The Role Of Freedom of Speech In Relationships

On the surface, this has nothing to do with dating and relationships, but, in fact, everything has to do with dating and relationships. Life is about relationships. Listening to others. Trying to understand their perspectives. Looking for common ground. Seeing the good in others instead of assuming that any disagreement is tantamount to war.

Life is about relationships. Listening to others. Trying to understand their perspectives. Looking for common ground.

For a long time, I dismissed people who were hostile to women, gays, blacks, Muslims, Jews, etc – by saying, “It is not intolerant to be intolerant of intolerance.” I still believe that we should not tolerate intolerance.

In it, Harris defended another sociologist’s right to report data that intimates that there may be IQ differences between races. And because Harris defends this sociologist’s right to see where the data leads – even if the result is uncomfortable – Klein smears Harris as a racist himself – a label that’s nearly impossible to wash away once the accusation has been leveled. This is happening everywhere and the effects are chilling. It’s why I passed up an opportunity to go on CNN to talk about .“Either agree with us in lockstep or shut up!” seems to be the party line. That’s no good.

Says Stephens in his Michigan address: “The answer to a politics of right-wing illiberalism is not a politics of left-wing illiberalism. It is a politics of liberalism, period. This is politics that believes in the virtues of openness, reason, toleration, dissent, second-guessing, respectful but robust debate, individual conscience and dignity, a sense of decency and also a sense of humor. In a word, Enlightenment. It’s a capacious politics, with plenty of room for the editorials of, say, The New York Times and those of The Wall Street Journal. And it is an uncomfortable politics, because it requires that each side recognize the rights and legitimacy, and perhaps even the value, of the other.”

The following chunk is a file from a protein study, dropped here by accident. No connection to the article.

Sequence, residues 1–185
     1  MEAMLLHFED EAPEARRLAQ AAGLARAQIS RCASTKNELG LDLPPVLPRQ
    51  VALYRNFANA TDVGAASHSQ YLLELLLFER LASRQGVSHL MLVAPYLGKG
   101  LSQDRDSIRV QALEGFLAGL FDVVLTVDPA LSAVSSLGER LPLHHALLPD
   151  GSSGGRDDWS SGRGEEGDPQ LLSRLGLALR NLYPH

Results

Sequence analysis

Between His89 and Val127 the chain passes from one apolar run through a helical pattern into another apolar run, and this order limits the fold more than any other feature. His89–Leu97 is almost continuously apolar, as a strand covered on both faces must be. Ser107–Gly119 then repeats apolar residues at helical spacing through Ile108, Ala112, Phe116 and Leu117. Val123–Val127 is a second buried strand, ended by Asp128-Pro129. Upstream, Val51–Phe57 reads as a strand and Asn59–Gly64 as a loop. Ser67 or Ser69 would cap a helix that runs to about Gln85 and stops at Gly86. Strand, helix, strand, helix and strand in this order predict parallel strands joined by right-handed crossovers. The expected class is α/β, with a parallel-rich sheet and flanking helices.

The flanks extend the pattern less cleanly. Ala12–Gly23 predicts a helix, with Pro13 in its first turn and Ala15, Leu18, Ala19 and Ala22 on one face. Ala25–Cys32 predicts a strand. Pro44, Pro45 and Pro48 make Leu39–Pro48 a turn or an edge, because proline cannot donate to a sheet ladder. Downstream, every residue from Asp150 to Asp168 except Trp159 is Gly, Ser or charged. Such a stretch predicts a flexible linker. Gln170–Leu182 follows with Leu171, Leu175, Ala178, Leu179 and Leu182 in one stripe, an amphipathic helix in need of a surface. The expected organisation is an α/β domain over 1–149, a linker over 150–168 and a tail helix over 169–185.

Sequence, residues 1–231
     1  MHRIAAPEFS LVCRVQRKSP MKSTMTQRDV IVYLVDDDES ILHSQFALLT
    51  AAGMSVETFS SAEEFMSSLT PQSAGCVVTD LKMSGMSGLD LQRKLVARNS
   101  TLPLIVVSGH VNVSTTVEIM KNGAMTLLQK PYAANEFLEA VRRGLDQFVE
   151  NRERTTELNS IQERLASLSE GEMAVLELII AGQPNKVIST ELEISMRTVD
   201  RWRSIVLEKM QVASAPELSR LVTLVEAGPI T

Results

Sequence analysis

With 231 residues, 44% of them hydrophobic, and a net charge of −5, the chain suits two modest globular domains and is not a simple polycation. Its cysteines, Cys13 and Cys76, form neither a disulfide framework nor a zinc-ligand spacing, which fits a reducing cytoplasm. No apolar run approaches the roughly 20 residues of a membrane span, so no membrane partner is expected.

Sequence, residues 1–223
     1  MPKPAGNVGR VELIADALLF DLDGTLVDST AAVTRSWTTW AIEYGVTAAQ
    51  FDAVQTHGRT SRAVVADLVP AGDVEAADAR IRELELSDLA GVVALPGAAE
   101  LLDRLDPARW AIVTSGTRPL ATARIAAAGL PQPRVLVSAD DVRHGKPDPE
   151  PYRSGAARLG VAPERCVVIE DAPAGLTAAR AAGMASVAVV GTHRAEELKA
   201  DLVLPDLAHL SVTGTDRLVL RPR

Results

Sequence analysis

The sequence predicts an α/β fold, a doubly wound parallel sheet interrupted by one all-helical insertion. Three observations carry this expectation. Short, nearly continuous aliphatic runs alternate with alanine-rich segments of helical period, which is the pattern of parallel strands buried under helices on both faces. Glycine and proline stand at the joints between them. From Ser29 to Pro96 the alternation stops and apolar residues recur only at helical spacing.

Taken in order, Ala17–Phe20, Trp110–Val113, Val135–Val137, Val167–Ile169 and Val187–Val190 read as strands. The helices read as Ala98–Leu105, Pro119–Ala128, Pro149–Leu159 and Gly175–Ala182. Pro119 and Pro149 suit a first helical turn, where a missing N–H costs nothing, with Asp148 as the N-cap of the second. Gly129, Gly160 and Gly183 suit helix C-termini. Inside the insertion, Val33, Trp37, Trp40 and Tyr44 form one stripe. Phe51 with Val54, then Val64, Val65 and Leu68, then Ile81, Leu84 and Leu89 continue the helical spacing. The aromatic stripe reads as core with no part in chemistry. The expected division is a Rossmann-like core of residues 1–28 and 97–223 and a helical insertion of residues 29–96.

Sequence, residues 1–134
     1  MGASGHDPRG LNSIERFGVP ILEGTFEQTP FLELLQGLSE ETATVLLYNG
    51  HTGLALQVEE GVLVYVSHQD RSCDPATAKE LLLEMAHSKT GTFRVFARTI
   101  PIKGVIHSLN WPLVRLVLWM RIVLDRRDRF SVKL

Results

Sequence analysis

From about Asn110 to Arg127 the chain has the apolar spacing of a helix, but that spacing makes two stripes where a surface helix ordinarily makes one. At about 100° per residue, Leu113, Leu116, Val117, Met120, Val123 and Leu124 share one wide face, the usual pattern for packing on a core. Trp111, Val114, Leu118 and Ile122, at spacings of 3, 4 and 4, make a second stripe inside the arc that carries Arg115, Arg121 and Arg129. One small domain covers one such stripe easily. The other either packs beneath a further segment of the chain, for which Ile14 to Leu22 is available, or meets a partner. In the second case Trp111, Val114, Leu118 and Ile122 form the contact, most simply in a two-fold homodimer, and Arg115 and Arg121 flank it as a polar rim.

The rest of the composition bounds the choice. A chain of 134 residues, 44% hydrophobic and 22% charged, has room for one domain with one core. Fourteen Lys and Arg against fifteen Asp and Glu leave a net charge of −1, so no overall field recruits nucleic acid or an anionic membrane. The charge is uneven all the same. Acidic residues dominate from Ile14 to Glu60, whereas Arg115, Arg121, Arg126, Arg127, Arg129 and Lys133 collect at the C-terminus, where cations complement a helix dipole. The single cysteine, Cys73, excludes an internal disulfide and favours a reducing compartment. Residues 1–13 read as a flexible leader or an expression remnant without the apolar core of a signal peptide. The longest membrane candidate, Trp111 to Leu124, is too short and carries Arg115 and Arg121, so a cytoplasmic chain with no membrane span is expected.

Like Harris, I’m a pragmatic liberal who, above all, values truth and rational debate. For the most part, this blog and the comments reflect that. But every once in awhile you’ll notice women commenters dismissing the views of male commenters, male commenters dismissing the views of female commenters, and both sides occasionally attacking me as if I’m driven by ideology rather than truth. This is what I want to call attention to. This is what I’m trying to eradicate.

We will never get anywhere as a country if we can’t acknowledge uncomfortable truths.

It’s not that we can’t make good faith arguments as to why the 2nd amendment is important, liberals are consistently on the side of human rights, many Muslims (especially in the US) don’t have radical beliefs, Trump appeals to many people with his MAGA rhetoric, and men and women share more in common than they have different.

But if we can’t listen to both sides of the argument; if, just by acknowledging the truth of the other side, you’re a heretic, well, it says a lot about what ails our society. I would hope that my regular readers will read the Bret Stephens piece and won’t give me any grief for writing this piece, but if you cherry pick something in this piece that triggers you and use it as an attack on my character, guess what?

You’re the reason I felt compelled to write this at all.


About the Author

A prolific love author who specializes in creating love stories often focused on the romantic connections between people which readers can identify with.